This brings me to my second theme of “attentiveness” and more directly Pope Francis’s most recent exhortation, very much in the news this week, entitled “The Joy of Love,” where he considers how the mission of Christ and the Church embraces families today.
Pope Francis writes:
“I understand those who prefer a more rigorous pastoral care which leaves no room for confusion. But I sincerely believe that Jesus wants a Church attentive to the goodness which the Holy Spirit sows in the midst of human weakness, a mother who while clearly expressing her objective teaching, always does what good she can, even if, in the process, her shoes get soiled by the mud of the street.” (Para. 308)
In his three years, Pope Francis has already become a commanding figure on the world stage and more important the most accomplished parish priest to have graced the papal office.
Frankly, his publication of the three exhortations on evangelization, the environment, and now on family life and the Church is a remarkable feat in itself. The pope has gained a worldwide following for his ideas but more importantly for his personal ministry.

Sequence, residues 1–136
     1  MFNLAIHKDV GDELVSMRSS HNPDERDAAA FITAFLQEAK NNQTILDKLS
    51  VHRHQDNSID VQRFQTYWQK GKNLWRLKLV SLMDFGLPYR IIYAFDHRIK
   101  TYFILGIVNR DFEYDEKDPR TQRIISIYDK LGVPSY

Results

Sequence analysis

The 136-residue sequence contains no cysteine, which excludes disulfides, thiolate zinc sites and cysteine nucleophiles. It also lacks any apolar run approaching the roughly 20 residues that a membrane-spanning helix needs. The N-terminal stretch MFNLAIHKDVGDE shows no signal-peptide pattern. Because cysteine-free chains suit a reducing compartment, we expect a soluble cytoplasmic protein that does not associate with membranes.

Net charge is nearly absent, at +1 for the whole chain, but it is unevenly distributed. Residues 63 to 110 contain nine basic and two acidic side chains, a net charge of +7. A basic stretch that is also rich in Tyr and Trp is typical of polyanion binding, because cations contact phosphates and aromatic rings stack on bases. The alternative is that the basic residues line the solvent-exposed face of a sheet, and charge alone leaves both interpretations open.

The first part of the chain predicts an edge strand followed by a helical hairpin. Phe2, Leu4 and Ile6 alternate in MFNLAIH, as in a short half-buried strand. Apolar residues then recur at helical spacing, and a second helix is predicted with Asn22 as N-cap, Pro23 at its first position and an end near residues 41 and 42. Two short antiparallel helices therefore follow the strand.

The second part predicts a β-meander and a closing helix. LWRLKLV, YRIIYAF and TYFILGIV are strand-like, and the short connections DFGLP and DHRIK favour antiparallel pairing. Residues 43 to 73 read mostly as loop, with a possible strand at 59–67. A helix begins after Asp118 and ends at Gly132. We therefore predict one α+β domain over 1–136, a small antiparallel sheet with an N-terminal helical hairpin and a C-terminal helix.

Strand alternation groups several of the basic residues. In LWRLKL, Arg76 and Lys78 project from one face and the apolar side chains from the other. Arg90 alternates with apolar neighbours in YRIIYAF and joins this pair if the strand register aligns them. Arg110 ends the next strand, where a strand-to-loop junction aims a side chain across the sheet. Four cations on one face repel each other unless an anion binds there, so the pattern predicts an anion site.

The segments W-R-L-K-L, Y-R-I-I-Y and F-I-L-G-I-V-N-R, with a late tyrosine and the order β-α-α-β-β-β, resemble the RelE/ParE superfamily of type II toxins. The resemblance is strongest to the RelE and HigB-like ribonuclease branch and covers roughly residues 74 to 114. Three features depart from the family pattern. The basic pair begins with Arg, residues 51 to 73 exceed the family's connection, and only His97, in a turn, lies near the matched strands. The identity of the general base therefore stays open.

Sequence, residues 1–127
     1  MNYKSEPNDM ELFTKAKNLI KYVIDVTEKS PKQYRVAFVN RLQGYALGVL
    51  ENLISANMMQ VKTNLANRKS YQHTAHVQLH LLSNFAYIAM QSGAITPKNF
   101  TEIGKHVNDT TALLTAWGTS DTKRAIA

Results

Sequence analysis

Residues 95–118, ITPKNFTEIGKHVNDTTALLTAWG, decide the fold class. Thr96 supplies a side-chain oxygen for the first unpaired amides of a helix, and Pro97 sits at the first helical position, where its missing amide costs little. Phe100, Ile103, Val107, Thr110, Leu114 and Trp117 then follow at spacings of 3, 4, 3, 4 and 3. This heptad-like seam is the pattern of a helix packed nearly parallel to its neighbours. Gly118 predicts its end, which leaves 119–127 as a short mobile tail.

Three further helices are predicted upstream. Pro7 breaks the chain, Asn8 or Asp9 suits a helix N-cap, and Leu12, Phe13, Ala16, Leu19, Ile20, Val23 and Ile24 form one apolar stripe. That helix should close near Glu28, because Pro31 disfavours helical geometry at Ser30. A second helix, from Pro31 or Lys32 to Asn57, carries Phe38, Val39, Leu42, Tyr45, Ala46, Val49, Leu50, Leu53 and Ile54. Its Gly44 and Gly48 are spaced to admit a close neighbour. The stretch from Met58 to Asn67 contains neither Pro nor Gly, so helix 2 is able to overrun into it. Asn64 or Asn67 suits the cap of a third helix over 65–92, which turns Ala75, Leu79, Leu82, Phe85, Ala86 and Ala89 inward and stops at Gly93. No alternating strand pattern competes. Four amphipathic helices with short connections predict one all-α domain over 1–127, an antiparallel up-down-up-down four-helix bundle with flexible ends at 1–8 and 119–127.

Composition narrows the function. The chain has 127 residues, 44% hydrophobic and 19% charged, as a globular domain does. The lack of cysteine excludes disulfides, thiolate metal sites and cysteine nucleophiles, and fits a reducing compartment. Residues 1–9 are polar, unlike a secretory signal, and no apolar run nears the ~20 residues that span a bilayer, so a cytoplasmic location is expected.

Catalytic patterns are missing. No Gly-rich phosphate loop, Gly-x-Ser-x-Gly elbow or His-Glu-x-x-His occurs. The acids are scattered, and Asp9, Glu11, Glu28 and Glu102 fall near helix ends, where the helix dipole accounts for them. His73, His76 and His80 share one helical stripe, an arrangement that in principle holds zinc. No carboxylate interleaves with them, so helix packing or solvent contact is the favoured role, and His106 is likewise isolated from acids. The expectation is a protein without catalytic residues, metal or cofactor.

With this document, and in a process that rests on the two years of dialogue and discernment, Francis has moved the Church in the directions set by Pope John and Pope Paul at Vatican II, as well as honoring the memory of Popes John Paul and Benedict who, you will recall, were active participants of Vatican II.
Francis’s insistence that bishops and priests more carefully listen to the genuine needs of real people, and take steps to meet this challenge with great compassion and genuine respect for individual conscience.
For many of us who read this document, and we will be carefully reflecting on its import in our lives as a community of faith, I believe we will see a slow but steady movement toward true discernment with outcomes yet to be achieved.